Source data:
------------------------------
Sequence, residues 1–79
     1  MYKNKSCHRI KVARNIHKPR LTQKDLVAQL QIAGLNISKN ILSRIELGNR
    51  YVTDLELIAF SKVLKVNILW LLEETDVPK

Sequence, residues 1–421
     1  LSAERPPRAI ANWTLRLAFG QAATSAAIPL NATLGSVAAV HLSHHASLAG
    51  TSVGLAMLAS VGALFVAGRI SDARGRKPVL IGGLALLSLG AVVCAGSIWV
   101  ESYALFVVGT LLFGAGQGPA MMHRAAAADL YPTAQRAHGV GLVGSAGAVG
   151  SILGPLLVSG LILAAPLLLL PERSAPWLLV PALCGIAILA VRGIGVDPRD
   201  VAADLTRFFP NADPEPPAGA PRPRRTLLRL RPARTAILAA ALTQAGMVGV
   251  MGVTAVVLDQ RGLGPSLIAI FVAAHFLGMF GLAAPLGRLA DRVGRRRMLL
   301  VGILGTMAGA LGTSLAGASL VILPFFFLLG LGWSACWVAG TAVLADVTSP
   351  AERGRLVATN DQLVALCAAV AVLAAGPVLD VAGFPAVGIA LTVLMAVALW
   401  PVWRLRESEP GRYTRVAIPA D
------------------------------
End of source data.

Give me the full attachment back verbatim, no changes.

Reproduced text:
Sequence, residues 1–79
     1  MYKNKSCHRI KVARNIHKPR LTQKDLVAQL QIAGLNISKN ILSRIELGNR
    51  YVTDLELIAF SKVLKVNILW LLEETDVPK

Sequence, residues 1–421
     1  LSAERPPRAI ANWTLRLAFG QAATSAAIPL NATLGSVAAV HLSHHASLAG
    51  TSVGLAMLAS VGALFVAGRI SDARGRKPVL IGGLALLSLG AVVCAGSIWV
   101  ESYALFVVGT LLFGAGQGPA MMHRAAAADL YPTAQRAHGV GLVGSAGAVG
   151  SILGPLLVSG LILAAPLLLL PERSAPWLLV PALCGIAILA VRGIGVDPRD
   201  VAADLTRFFP NADPEPPAGA PRPRRTLLRL RPARTAILAA ALTQAGMVGV
   251  MGVTAVVLDQ RGLGPSLIAI FVAAHFLGMF GLAAPLGRLA DRVGRRRMLL
   301  VGILGTMAGA LGTSLAGASL VILPFFFLLG LGWSACWVAG TAVLADVTSP
   351  AERGRLVATN DQLVALCAAV AVLAAGPVLD VAGFPAVGIA LTVLMAVALW
   401  PVWRLRESEP GRYTRVAIPA D